Research recently conducted at the Australian National University by Dr Peter Collignon et al has shown there is a higher correlation between government corruption and antimicrobial drug resistance than there is between the incidence of drug usage and other commonly assumed factors.
ntibacterial drugs (commonly known
as antibiotics) have been used for more than 60 years to cure infections, whether or not their use was appropriate in individual cases. However, as early as 1945, Alexander Fleming in his Nobel Prize speech warned that bacteria would become resistant to these treatments. Today we are seeing his prediction come true, and the world is now faced with the consequences of a long-term overdependence on
Antimicrobial drug resistance and corruption
the use of these drugs. Antibiotics are actually a subset of a broader range of antimicrobial drugs. The commonly used term ‘antibiotic resistance’ refers specifically to the resistance to antibiotics that occurs in bacteria that cause infections. ‘Antimicrobial’ is a broader term, encompassing drugs used to treat infections caused by other microbes as well, such as parasites (eg, malaria), viruses (eg, influenza) and fungi (eg, Candida).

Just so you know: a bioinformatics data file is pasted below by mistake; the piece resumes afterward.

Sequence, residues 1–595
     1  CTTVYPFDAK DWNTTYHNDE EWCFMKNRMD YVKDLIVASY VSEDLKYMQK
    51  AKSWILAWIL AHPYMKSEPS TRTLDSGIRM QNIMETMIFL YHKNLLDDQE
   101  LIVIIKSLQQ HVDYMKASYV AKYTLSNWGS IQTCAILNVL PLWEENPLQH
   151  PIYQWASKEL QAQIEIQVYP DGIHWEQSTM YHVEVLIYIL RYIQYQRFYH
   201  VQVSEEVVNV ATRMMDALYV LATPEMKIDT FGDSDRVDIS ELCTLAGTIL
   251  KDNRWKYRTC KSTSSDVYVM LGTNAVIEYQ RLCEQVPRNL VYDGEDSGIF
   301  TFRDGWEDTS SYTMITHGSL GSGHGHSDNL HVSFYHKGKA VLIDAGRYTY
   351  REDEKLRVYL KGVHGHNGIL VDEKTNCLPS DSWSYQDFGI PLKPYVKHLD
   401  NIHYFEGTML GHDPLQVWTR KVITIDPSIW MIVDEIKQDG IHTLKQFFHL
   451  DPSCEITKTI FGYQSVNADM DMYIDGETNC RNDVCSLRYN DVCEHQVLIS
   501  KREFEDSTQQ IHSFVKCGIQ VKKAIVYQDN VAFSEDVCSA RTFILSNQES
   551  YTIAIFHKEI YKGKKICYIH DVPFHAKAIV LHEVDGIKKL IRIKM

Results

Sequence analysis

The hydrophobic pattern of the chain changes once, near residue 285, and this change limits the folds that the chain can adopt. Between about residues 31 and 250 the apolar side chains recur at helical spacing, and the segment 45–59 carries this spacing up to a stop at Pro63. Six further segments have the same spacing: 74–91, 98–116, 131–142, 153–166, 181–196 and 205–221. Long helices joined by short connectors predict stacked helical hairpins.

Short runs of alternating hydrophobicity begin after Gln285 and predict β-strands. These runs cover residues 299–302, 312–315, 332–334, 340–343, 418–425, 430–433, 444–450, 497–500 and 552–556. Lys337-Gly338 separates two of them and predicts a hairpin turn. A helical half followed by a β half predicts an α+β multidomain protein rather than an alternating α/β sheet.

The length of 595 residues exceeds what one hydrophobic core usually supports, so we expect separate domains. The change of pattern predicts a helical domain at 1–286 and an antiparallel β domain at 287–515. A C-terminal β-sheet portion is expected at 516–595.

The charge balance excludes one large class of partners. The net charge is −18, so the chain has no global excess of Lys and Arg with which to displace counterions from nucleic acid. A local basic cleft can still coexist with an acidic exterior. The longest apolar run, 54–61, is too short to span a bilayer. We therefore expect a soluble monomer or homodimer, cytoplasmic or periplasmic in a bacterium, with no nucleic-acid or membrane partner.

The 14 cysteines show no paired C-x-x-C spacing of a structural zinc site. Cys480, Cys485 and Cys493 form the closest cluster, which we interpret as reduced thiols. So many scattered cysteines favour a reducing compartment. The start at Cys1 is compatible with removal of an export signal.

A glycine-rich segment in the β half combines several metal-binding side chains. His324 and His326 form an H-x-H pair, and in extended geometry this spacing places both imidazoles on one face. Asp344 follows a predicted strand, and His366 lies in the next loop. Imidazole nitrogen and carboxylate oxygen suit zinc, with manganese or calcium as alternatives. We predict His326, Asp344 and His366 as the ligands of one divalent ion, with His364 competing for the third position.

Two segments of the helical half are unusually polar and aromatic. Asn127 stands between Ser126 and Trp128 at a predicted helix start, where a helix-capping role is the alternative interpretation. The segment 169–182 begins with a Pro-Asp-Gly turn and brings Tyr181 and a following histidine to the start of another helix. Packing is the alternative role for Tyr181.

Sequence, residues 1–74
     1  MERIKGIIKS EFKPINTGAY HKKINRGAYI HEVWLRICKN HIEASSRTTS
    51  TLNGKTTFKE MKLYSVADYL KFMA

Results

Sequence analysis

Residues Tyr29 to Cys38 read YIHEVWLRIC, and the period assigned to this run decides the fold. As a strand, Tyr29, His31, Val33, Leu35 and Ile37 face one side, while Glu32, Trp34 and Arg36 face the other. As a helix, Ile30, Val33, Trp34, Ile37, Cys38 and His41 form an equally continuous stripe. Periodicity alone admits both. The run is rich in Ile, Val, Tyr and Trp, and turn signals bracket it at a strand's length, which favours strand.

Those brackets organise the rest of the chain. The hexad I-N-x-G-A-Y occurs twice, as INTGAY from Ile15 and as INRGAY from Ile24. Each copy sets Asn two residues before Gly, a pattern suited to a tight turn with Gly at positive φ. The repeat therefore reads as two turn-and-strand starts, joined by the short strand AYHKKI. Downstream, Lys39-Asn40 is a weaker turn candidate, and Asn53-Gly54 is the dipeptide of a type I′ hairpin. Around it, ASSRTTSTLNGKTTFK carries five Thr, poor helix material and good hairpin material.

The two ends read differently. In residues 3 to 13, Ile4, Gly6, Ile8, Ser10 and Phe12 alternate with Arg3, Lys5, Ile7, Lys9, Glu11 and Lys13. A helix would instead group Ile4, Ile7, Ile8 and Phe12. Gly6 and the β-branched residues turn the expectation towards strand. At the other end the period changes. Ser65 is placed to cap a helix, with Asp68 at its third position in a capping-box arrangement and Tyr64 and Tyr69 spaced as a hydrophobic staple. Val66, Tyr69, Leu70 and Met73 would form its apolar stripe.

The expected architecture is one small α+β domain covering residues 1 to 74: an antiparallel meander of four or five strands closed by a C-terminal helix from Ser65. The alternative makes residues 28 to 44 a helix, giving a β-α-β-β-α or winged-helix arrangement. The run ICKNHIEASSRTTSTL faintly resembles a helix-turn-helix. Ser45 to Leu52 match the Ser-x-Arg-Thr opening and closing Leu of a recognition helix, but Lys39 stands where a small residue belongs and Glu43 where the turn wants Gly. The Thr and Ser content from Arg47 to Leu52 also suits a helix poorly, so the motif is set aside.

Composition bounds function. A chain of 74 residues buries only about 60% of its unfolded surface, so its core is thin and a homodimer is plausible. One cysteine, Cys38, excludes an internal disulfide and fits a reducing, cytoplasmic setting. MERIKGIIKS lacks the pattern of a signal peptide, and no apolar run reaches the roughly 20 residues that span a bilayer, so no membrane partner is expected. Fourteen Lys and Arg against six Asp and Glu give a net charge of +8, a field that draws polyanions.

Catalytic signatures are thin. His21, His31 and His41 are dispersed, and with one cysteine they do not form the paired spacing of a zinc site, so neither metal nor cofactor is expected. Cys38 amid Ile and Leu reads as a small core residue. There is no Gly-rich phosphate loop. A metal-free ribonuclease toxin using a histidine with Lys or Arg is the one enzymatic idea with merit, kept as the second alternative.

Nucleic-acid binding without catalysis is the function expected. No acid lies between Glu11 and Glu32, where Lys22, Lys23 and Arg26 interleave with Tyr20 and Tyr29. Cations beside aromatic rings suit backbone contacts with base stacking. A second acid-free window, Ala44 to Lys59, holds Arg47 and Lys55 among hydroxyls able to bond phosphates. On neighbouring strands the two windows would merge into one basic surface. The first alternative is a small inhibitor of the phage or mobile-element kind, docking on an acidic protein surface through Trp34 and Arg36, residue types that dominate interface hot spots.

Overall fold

Antimicrobial resistance - a worldwide health problem The World Health Organization (WHO) defines antimicrobial resistance as “resistance of a microorganism to an antimicrobial drug that was originally effective for treatment of infections caused by it”. “Resistant microorganisms (including bacteria, fungi, viruses and parasites) are able to withstand attack by antimicrobial drugs, such as antibacterial drugs (eg, antibiotics), antifungals, antivirals and antimalarials, so that standard treatments become ineffective and infections persist, increasing the risk of spread to others. “The evolution of resistant strains is a natural phenomenon that occurs when microorganisms replicate themselves erroneously or when resistant traits are exchanged between them. The use and misuse of antimicrobial drugs accelerates the
6 | LAB+LIFE SCIENTIST - June 2015
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